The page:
It was worth the price, McCaskey said.

‘‘I thought Ryan put it very well: You get a premier player at a premier position in his prime,’’ McCaskey said. ‘‘Opportunities like that don’t come along very often.’’

The Bears traded their next two first-round picks, a third-rounder in 2020 and a sixth-rounder in 2019 for Mack, a second-rounder in 2020 and a conditional fifth-rounder in 2020.

‘‘Even after the deal with the Raiders was made, [negotiator] Joey [Laine] had to make a deal with Khalil’s agent,’’ McCaskey said. ‘‘That was another pins-and-needles situation.’’

On Saturday, the Bears signed Mack to the richest contract in NFL history for a defensive player, giving him $141 million over six years with $90 million guaranteed and $60 million due at signing.


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McCaskey learned the deal was done in a voicemail message from Pace and coach Matt Nagy. His phone missed the call.

‘‘It’s a big deal,’’ McCaskey said. ‘‘High price, but he’s a premier player.’’

† † †

McCaskey doesn’t make predictions, but he knows Super Bowl aspirations start with playing well in the NFC North. The Lions have a new coach and the Packers a new defensive staff. The Vikings gave quarterback Kirk Cousins three years of guaranteed money and are the co-favorites to win the NFC.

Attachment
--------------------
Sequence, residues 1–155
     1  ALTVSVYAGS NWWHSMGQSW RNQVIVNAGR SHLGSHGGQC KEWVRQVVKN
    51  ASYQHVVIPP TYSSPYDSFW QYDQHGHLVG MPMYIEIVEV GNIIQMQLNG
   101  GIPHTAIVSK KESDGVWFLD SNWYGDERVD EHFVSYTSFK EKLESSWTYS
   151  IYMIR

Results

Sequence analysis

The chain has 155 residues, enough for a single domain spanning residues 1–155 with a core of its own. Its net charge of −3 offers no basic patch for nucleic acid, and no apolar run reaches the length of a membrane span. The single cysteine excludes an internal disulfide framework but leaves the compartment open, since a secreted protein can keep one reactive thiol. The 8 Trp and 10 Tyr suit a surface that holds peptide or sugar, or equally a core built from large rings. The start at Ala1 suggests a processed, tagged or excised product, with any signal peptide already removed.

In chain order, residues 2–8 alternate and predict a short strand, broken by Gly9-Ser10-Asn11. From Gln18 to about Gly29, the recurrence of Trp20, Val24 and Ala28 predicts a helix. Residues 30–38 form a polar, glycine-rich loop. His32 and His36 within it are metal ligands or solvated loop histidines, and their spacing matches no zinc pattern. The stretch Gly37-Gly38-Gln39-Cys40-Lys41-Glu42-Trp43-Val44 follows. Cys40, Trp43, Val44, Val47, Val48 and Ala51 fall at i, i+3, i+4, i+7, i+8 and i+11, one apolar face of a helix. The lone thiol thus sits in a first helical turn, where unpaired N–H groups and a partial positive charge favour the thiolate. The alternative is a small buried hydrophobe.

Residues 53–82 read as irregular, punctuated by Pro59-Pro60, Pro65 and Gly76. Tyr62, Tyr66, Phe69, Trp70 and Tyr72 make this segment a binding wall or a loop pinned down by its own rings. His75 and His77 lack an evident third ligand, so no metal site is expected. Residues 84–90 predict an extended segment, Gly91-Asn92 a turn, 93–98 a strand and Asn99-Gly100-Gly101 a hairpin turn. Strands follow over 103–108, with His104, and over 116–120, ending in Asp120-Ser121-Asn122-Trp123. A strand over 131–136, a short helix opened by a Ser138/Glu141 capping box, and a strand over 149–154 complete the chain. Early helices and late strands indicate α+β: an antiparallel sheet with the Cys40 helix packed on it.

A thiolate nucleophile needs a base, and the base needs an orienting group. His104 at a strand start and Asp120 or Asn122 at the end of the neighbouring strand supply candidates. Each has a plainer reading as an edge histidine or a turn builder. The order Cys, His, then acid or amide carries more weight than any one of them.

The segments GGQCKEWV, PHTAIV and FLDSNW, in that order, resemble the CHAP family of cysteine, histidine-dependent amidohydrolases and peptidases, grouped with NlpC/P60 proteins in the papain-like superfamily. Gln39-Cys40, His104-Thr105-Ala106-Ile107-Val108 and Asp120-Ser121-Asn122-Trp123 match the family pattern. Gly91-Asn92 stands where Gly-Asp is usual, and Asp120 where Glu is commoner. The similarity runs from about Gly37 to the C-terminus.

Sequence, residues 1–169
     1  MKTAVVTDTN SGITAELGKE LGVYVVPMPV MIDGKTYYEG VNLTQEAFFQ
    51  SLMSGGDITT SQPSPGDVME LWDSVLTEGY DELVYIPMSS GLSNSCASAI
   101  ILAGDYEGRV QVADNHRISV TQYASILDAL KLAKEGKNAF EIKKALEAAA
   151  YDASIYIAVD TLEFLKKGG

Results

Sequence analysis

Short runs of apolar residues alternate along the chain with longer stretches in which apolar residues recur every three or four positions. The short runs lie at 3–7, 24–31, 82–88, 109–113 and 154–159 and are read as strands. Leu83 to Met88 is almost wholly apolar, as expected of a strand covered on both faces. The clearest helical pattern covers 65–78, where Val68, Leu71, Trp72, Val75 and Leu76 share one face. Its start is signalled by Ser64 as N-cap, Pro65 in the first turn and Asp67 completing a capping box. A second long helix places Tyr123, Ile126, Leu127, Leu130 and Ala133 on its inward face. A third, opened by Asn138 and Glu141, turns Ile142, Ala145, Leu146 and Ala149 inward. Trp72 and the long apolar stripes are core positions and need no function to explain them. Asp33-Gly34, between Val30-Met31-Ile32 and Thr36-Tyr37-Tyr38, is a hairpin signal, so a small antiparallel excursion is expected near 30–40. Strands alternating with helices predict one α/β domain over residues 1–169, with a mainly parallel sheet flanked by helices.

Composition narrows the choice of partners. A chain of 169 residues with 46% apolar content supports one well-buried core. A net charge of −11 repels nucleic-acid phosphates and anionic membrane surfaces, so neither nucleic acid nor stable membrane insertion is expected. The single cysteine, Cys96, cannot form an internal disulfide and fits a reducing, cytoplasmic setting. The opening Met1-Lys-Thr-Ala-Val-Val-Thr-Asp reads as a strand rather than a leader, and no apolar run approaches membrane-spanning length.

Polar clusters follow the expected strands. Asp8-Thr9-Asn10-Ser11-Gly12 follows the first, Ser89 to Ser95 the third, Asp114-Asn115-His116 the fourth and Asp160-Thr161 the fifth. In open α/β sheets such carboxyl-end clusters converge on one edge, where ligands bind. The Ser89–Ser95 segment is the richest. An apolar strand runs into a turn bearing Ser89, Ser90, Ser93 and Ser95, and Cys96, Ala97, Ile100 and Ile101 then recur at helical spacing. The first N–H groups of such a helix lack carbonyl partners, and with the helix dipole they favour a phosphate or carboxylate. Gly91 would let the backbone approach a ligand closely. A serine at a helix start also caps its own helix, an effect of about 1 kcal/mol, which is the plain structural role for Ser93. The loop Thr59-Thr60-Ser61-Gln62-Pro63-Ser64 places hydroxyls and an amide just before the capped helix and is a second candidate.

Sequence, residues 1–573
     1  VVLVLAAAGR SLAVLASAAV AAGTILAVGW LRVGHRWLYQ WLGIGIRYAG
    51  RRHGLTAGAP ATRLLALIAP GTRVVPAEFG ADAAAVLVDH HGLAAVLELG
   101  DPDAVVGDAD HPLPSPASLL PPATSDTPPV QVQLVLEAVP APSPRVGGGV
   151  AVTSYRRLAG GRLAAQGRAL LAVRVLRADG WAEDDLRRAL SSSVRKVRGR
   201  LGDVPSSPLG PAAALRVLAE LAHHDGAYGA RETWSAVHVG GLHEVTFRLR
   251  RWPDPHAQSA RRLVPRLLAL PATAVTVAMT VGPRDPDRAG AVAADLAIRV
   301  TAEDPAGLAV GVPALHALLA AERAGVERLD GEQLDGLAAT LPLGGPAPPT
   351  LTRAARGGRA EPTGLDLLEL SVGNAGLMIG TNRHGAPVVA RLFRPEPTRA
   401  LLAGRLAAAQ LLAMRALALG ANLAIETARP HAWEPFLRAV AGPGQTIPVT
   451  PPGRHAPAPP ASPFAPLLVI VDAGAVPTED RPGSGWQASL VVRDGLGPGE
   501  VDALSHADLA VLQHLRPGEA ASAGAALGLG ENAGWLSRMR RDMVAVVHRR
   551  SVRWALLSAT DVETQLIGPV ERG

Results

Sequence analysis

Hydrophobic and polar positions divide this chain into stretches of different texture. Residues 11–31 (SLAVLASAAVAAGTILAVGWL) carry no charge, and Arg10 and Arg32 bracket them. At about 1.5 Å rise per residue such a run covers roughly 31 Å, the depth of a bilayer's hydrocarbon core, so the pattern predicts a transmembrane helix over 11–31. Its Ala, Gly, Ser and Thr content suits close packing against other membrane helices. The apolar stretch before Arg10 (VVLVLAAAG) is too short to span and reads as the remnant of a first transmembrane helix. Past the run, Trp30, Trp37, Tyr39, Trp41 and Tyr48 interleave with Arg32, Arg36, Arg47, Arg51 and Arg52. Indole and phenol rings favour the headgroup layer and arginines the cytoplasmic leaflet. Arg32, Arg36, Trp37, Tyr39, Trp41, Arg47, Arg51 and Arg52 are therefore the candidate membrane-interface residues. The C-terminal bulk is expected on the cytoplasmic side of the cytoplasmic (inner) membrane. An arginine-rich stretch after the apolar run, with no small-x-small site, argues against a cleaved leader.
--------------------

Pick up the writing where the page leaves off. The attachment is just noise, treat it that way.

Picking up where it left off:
‘‘We’re improved, but the other three teams haven’t exactly been sitting on their keisters,’’ McCaskey said. ‘‘The other teams have darn good quarterbacks. One of the things that’s exciting to me about the acquisition of Khalil is that we have to get those quarterbacks on the ground in order to make hay in our division.’’

Nagy will help the Bears’ keep up with those offenses. McCaskey was impressed by Pace’s decisiveness throughout the hiring process that landed Nagy and by the way he has worked with Nagy since.

‘‘Their collaboration is very good, the communication is very good, their willingness to back each other up,’’ McCaskey said. ‘‘Each of them seems determined to work as hard as he can to make it as easy as he can for the other.’’

Deciding to hire a new coach is always difficult, he said.